In June I travelled to Rádeyı̨lı̨kóé (Fort Good Hope) in the Sahtu region of the Northwest Territories. I was heading there to pay a visit to a friend, Daniel T’selie. We had paddled the Mountain River together in the summer of 2018 and through the course of the winter had hatched a plan to catch up. Northern communities are all unique, and the chance to learn from Daniel and his family had me full of anticipation.
Sitting on the Arctic Circle, Rádeyı̨lı̨kóé is a community of close to 600. Centred around a town square with bleachers and a baseball diamond, the streets snake around the boreal forest and low lying areas full of blueberry and labrador tea. Everywhere you go the hum of diesel generators follows. While solar panels can be found on a few residences, the majority of the electricity in the community comes from the NWT Power Corp. There’s a continual bustle of activity at the Community Office where local governance overlaps with Thursday night bingo. With the high school graduation celebration set for the day after I arrived, the whole community was gathering for a feast; people were moving quickly about town and the energy was palpable.
Over the next four days I began to settle into a routine. We stayed overnight in a wall tent and each day saw morning coffee followed by meals of country food, time in the forest or along the river and evenings spent listening to elders tell stories over mugs of tea. Each day brought new faces; whether they were curious children or community leaders there always seemed to be time for the strange paddler from out of town. Their generosity left me with a full belly, a comfortable place to sleep and new friends each day.
Late one night I found myself sitting around a small dinner table. The clink of dinner dishes being washed in the kitchen mixed with the crunch of Konn, a furry shepherd mix, enjoying the leftovers of a caribou shoulder that had been our evening meal. Our host was John T’selie, a noted Sahtu Dene leader, who possesses a wisdom I was only just beginning to grasp the depth of.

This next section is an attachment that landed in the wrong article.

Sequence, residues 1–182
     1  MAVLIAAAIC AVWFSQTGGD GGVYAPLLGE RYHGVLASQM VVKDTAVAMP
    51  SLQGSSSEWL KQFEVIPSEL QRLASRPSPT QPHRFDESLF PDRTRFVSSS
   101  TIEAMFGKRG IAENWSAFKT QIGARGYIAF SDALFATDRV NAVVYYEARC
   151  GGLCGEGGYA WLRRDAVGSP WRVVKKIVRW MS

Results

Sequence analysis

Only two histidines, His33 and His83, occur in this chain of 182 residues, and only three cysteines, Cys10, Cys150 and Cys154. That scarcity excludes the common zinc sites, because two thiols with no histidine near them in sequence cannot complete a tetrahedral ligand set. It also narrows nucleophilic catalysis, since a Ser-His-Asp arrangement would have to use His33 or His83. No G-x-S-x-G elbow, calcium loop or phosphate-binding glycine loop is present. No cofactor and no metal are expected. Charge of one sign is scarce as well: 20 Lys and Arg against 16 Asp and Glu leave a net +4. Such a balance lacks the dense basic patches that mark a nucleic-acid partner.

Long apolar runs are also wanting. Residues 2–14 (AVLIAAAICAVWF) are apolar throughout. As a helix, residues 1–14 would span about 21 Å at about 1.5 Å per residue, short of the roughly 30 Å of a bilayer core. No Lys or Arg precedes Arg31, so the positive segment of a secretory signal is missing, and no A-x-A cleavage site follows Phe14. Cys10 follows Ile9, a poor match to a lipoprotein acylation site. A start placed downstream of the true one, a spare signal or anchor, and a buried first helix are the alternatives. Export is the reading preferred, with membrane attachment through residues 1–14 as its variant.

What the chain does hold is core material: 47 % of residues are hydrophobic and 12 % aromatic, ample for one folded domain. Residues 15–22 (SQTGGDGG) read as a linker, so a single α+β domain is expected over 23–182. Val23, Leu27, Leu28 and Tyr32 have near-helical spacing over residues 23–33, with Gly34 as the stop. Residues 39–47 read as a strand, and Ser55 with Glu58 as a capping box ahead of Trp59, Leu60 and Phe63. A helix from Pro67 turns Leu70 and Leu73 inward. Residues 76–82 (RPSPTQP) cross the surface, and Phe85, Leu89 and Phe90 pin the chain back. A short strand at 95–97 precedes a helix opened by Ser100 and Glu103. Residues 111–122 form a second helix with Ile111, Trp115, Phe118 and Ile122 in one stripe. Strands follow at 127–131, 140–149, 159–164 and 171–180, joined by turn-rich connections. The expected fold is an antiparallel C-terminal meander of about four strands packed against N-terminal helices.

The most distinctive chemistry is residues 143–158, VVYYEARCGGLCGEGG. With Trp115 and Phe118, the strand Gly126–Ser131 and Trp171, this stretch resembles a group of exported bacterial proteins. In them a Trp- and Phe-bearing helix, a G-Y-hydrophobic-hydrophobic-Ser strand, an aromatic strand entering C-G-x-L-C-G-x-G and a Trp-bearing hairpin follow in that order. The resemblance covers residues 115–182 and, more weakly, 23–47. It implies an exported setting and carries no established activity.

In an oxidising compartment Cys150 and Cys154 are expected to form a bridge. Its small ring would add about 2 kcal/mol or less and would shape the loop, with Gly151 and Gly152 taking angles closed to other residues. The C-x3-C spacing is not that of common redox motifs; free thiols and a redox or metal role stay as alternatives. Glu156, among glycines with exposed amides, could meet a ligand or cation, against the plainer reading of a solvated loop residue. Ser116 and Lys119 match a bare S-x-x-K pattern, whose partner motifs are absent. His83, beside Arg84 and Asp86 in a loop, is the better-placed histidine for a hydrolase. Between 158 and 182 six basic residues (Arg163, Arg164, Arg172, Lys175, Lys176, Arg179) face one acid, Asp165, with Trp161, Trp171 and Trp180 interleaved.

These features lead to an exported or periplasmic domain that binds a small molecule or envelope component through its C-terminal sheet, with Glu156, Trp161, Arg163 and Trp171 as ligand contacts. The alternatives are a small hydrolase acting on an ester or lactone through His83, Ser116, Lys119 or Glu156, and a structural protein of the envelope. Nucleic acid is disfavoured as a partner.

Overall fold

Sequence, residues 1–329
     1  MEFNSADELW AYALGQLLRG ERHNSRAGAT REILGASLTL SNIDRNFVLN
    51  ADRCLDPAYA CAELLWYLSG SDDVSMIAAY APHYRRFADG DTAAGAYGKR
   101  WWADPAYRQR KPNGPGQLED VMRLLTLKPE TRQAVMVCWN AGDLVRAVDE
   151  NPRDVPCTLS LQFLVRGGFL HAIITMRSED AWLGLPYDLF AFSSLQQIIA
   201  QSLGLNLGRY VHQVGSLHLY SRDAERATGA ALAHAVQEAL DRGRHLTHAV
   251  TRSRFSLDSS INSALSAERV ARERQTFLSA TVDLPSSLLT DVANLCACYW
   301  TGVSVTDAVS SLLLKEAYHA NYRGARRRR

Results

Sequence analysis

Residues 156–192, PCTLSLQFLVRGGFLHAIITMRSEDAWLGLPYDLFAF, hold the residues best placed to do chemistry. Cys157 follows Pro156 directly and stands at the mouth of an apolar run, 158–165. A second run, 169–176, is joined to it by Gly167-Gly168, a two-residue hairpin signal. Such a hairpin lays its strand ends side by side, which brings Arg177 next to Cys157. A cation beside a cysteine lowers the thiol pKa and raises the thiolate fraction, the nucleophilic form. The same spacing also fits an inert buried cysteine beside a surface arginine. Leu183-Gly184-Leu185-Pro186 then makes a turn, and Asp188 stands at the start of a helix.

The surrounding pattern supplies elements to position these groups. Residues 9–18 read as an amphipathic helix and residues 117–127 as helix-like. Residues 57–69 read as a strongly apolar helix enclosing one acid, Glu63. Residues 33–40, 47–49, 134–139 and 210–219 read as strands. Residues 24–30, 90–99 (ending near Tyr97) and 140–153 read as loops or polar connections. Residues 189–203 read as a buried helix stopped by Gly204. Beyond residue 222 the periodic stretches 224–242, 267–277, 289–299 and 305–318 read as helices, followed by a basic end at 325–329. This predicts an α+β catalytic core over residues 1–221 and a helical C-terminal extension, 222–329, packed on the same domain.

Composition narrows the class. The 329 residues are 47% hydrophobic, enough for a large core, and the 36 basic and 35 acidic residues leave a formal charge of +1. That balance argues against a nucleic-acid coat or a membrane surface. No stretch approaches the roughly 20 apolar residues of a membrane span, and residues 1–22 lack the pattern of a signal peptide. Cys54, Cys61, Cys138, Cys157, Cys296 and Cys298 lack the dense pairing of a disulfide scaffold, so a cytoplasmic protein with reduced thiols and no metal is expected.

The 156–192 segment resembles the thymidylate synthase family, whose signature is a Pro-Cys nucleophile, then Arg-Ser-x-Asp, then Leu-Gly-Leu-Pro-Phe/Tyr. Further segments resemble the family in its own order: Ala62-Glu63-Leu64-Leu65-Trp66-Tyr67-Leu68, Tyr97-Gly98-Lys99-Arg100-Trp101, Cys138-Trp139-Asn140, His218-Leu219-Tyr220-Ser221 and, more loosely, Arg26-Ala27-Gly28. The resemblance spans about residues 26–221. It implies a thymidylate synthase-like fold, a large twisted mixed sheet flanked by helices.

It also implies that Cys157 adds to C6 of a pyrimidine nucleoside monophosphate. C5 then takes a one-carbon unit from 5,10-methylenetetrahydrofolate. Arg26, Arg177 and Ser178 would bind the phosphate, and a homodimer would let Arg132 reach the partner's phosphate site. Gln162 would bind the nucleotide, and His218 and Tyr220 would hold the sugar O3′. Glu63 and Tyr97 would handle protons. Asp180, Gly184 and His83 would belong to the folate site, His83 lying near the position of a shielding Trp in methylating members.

As the teapot was passed around, John explained how important it is that we eat the tough parts of an animal, for we are what we eat. He would be a strong mix of moose and caribou, with a life lived on the land. As he quietly told stories us stories of his youth his eyes would light up as the memories of shared time with his family. Of cabins on the banks of the big river (the Mackenzie), hunting in the mountains with his brother, boat breakdowns far from home. His love for the land and his people runs deeper than I could ever fathom.
I looked at the maps outlining Ts’ude niline Tu’eyeta or the Ramparts River and Wetland Protected Area pinned to the wall behind him. Years of negotiation, conversation and data collection had resulted in over 10,000 square kilometres being preserved for perpetuity. Lands and waters teeming with moose, beaver and fish that preserved will help ensure the Dene way of life continues. Stretching from the Mackenzie to the mountains and south to the banks of the Mountain River it was a great accomplishment. A small piece of the future that looks bright.
My last morning in town I enjoyed a coffee on the porch in the early morning cool. I felt disoriented.
I was in Canada but I felt as if I had crossed an ocean to an ancient land. A place—rich in culture and unspoiled wilds where, for thousands of years, the Dene have travelled the rivers and lands. Even today, after residential schools and relocations, they recall their stories and history.
I thought of an elder who spoke only K’asho Got’ine Dene and was mentoring the whole community on how to tan moose hides. I had watched as she pulled plants from the forest—some to ward off mosquitoes and others for tea—her granddaughters watching each of her actions intently, and I could see a way of life flowing between generations.
Leaving the town has not diminished the impression it left on me; the community’s willingness to share their world has greatly impacted my own.